One preacher defined empathy in this way: “The courage to get involved requires not only your willingness to be present when needed but also your compassion and empathy.  Having compassion means 'to suffer with' someone who is hurting.  Empathy is understanding another’s dilemmas and feeling as he or she does” (Hinkle/Woodruff).  Let's look at two modern examples: one is a family who was unempathetic and one are some boys who were empathetic.  The unempathetic people were the family of Emily in the play “Our Town” by Thorton Wilder.  How can one forget the scene where little Emily dies?  She goes to the cemetery and is told, 'Emily, you can return home for one day in your life.  Which day do you choose?'  She replied, 'Oh, I remember how happy I was on my 12th birthday.  I’d like to go back on my 12th birthday.'  The people in the cemetery cry out, 'Emily, don’t do it  Don’t do it, Emily.'  But she goes anyhow.  Emily wants to see her mama and her papa again.  The scene changes, and she is home.  Emily, a 12-year-old girl in a beautiful dress and with pretty bouncing curls, strides down the stairs.  But Mama is too busy making the birthday cake to stop long enough to look at Emily.  Emily says, 'Mama, look at me.  I’m the birthday girl.'  And mama says, 'Fine, birthday girl.  Sit down and have your breakfast.'  Emily says again, 'Mama, look at me.' But Mama keeps on cooking.  Papa comes in, and he’s so preoccupied with making money that he doesn’t look.  Brother comes in, and he’s so busy with his own interests that he doesn’t look either.  The scene ends with Emily standing in the middle of the stage saying, “Please somebody, just look at me.  I don’t need the cake or the money.  Please, look at me.”  Yet nobody looks, and she turns to her Mama once more and says, 'Please, Mama?'  But then she turns and says, 'Take me away.  I’ve forgotten what it was like to be human.  Nobody looks at anybody.  Nobody cares anymore, do they?'” (Ibid)  Now here's the flip side seen in 10-year-old Kyle Hanslik and his classmates.  “They attended the Lake Elementary School in Oceanside, CA.  When Kyle heard that a classmate named Ian had shaved his head because of chemotherapy for lymphoma, he talked to some other boys in his class, and soon all 13 boys in the class shave their heads.  Kyle explained: 'The last thing he would want is not to fit in.  So, we just decided to make him feel better'” (Larson).  Now there's an empathetic group—they understood Ian's dilemma and his feelings, so they took action themselves to help him out!  Unlike Emily, Ian saw that his classmates cared!  Are we an empathetic congregation?  Do our fellow citizens see that we understand their needs and their feelings?  Can we get out of ourselves long enough to bless somebody else's life?  Are we an humble people who cares enough to help others out?  Friends empathize.  What a Jesus we have in friends!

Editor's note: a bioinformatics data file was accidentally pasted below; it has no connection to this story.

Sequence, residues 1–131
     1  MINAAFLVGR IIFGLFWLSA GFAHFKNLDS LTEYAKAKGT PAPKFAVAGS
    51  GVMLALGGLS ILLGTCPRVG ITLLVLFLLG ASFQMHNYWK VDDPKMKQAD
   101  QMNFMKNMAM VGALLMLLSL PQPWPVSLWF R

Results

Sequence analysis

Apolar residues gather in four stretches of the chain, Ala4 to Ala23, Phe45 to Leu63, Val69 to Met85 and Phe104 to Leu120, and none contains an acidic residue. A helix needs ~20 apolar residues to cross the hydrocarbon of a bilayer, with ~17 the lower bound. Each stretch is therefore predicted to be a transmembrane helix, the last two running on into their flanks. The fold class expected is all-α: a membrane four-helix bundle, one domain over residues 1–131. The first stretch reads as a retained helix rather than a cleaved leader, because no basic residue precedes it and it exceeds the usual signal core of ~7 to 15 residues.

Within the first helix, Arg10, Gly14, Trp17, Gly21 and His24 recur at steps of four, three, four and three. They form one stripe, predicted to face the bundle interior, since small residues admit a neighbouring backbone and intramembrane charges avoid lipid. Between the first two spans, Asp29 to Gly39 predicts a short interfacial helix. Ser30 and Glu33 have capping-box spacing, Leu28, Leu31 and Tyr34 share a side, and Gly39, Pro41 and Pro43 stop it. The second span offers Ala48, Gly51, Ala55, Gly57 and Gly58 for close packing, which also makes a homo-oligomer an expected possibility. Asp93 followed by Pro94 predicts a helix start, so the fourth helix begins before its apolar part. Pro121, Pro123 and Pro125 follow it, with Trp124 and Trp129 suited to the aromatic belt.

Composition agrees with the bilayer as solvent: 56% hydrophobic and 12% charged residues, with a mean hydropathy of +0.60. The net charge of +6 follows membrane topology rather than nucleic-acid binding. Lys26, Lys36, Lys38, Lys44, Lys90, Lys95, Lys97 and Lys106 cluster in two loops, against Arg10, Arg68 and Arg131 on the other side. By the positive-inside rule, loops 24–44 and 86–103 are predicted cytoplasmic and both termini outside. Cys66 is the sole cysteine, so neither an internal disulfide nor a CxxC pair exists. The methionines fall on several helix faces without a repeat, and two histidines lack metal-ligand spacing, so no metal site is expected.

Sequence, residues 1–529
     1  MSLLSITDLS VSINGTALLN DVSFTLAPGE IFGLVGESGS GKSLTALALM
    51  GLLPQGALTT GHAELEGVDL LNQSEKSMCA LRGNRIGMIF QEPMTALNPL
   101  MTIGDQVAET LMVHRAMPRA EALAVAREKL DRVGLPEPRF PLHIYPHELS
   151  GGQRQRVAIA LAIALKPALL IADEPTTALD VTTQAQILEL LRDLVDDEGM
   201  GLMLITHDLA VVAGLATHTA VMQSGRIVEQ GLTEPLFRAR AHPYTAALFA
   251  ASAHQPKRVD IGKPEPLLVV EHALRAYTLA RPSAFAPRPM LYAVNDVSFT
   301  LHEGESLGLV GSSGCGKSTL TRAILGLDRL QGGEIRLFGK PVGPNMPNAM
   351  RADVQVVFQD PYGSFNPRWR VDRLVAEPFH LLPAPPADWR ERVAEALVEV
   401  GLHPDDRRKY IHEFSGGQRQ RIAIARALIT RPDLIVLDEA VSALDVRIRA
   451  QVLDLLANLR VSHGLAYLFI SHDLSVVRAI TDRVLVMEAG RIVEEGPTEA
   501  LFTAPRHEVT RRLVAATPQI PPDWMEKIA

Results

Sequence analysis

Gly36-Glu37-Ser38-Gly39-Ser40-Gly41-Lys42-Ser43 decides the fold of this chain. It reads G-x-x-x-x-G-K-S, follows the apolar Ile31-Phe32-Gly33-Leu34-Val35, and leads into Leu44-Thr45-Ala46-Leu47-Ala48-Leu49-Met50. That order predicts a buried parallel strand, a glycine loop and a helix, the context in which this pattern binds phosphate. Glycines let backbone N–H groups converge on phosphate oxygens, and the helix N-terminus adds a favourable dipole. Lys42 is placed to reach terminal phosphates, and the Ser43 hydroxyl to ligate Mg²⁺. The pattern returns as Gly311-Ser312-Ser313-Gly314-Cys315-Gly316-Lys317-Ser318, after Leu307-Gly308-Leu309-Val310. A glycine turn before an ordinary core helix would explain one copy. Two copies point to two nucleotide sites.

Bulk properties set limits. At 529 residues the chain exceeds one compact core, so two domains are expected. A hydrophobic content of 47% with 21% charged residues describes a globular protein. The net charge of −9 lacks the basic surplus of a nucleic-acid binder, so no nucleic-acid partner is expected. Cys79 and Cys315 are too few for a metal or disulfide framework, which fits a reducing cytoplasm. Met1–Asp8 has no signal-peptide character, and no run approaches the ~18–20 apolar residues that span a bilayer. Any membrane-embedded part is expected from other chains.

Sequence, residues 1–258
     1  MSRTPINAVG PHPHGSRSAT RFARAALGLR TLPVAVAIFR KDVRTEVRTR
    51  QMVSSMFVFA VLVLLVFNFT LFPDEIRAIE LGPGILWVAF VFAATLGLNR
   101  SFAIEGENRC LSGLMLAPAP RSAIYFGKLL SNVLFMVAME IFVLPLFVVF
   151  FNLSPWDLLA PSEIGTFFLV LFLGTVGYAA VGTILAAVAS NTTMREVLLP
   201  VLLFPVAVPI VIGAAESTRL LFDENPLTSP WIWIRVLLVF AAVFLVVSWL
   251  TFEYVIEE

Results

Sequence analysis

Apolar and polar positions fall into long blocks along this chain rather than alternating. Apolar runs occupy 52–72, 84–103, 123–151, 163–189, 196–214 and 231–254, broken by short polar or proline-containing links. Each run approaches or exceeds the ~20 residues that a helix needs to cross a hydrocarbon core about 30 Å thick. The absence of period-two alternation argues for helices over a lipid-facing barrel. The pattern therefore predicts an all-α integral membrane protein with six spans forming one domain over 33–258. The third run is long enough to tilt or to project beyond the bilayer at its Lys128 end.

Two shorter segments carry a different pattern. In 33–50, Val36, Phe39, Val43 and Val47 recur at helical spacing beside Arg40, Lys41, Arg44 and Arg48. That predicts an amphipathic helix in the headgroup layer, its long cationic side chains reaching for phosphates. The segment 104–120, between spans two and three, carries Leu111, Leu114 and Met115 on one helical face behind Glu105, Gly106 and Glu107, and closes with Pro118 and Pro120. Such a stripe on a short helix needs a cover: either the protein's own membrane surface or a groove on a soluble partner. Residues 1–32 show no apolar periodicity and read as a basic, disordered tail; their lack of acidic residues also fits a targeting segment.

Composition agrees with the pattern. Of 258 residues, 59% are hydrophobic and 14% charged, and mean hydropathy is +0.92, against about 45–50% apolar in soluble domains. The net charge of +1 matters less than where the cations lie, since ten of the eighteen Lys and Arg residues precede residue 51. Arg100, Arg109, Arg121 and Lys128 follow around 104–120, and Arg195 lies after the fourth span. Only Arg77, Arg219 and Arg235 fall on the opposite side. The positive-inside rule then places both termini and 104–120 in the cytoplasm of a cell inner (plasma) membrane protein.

“ ... in the Church, [Christian friendship] is first and foremost a decision to treat people as God has treated us.  We are not free to make [Christian friendship] anything we wish.  If we want to be Christian friends, the Bible has shown us that we must listen like Mary, protect like Hushai, care like Jesus, and empathize like Onesiphorus!  Let's start acting towards others as Jesus has acted toward [us]” (Hinkle/Woodruff)!